Intracranial Arterial Stenosis

Intracranial arterial stenosis is the a narrowing of an artery within the brain. This condition can significantly affect blood flow and lead to a stroke. Intracranial arterial stenosis is caused by a buildup of plaque in the wall of the blood vessels, which narrows the arteries and blood passageways, resulting in decreased blood flow to certain areas of the brain. Stroke may be a result of intracranial arterial stenosis because of plaque that may completely block an artery, or a piece of plaque that may break off and travel to clog an artery supplying blood flow to the brain or another vital organ. Intracranial arterial stenosis is more prevalent among African-Americans and people of Asian, or Hispanic heritage.

Risks Factors for Intracranial Arterial Stenosis

Intracranial arterial stenosis is caused by a build up of plaque inside the artery wall that reduces blood flow to the brain. Risks for developing this condition may include:

  • Smoking
  • High blood pressure
  • High cholesterol
  • Diabetes
  • Obesity
  • Heart disease

Additional risk factors may include a family history of intracranial arterial stenosis as well as advanced age.

Symptoms of Intracranial Arterial Stenosis

Initially, intracranial arterial stenosis may not cause any symptoms. However, the most serious symptom of intracranial arterial stenosis is a transient ischemic attack or stroke, with characteristics that may include:

  • Facial weakness
  • Tingling and weakness in the arms or legs
  • Numbness on one side of the body
  • Slurred speech

A stroke is a medical emergency that requires immediate medical care in order to reduce the risk of permanent brain injury and other serious complications.

Diagnosis of Intracranial Arterial Stenosis

To diagnose intracranial arterial stenosis, all symptoms and medical history are reviewed and a physical examination is performed. A series of imaging exams are also administered to determine the precise location of the affected artery. These tests may include:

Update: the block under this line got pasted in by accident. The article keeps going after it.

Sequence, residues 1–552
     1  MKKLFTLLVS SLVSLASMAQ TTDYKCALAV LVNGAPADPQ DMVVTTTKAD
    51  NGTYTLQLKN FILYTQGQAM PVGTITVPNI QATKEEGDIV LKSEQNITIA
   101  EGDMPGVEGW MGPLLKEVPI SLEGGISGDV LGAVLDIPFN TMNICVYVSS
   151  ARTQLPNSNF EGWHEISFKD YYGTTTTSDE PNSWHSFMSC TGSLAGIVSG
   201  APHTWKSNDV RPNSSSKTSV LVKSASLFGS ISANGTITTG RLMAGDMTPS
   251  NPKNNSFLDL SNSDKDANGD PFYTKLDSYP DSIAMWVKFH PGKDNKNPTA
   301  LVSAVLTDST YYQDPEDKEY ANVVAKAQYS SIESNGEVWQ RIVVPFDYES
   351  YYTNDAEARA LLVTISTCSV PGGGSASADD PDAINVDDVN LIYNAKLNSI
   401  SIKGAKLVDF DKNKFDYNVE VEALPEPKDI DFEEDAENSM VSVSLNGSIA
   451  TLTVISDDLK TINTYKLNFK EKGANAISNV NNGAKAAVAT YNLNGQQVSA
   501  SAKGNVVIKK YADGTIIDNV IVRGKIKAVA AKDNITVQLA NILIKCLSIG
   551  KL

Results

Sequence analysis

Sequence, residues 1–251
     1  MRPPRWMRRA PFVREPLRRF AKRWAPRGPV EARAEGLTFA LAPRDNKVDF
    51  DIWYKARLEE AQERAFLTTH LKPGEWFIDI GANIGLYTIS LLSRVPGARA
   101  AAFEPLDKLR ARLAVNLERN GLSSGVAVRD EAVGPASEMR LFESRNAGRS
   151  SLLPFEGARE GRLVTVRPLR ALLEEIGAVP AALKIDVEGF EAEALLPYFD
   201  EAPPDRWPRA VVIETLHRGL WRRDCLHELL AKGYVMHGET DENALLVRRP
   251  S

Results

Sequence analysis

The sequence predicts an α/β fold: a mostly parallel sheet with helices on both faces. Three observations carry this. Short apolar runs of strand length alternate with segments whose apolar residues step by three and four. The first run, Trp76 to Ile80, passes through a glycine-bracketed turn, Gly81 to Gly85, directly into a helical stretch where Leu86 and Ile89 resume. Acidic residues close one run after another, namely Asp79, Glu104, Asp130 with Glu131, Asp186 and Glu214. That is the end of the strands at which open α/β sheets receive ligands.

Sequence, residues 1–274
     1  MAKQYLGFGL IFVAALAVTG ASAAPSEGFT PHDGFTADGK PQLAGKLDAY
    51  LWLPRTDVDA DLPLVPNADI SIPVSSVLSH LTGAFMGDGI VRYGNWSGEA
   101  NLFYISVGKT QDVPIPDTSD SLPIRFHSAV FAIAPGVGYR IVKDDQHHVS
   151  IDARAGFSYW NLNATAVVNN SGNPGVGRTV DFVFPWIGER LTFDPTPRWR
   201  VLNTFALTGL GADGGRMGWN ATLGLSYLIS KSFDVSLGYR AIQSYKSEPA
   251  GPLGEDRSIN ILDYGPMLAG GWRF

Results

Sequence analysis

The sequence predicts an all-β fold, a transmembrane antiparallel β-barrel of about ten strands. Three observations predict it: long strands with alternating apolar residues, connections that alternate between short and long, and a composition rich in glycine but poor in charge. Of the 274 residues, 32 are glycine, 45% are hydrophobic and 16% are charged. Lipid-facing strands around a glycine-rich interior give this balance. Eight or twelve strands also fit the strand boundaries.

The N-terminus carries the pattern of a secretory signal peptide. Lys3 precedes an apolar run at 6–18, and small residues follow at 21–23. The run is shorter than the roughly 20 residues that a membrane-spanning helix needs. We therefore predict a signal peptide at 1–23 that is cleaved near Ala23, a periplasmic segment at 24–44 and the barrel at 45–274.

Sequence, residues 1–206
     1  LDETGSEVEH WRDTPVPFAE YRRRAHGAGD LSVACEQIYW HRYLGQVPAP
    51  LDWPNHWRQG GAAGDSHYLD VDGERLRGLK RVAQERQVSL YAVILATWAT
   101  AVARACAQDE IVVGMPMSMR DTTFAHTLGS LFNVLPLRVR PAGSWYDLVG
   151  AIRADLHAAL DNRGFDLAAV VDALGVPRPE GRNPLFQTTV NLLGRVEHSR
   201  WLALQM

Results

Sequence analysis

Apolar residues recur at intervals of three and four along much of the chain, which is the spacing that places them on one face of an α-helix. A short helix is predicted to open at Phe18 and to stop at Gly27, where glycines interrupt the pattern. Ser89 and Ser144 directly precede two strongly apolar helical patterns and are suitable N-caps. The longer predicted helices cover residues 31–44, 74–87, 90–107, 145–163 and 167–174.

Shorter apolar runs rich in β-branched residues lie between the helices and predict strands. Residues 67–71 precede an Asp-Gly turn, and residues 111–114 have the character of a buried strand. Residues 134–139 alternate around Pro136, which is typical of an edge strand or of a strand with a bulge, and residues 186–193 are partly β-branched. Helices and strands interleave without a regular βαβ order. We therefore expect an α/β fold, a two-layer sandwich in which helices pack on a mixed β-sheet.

• CT angiogram
  • MR angiogram
  • Transcranial doppler ultrasound
  • PET scan

These tests help the doctor to measure blood flow to the brain and determine which areas of the brain are most at risk of stroke.

Treatment of Intracranial Arterial Stenosis

The main goal of treatment for intracranial arterial stenosis is to reduce the risk if stroke. Initially, treatment may include medication such as blood thinners, cholesterol-lowering medication and medication to control blood pressure. Lifestyle changes may include eating a healthy diet and avoiding smoking to reduce the risk of a stroke. In severe cases, surgery may be required to relieve blockages in the affected artery and allow for proper blood flow to the brain. Surgery is usually recommended to patients whose condition does not improve with medication. Common surgical procedures to treat intracranial arterial stenosis may include:

Balloon Angioplasty or Stenting

The balloon angioplasty procedure involves inserting a catheter into the affected artery, followed by a balloon that is gently inflated to widen the narrowed passage. The balloon is then removed and a mesh tube, known as a stent ,may be placed in the artery to hold it open and allow for blood flow.

Cerebral Artery Bypass

In cerebral artery bypass surgery, the surgeon creates an opening in the skull and redirects blood to a donor artery. This more invasive procedure is only performed on arteries that are completely blocked and cannot be corrected through angioplasty.

Intracranial arterial stenosis is a serious condition and to prevent the risk of stroke, patients are advised to stop smoking, limit heavy alcohol consumption, control blood-sugar for diabetes and take medications as prescribed.

Additional Resources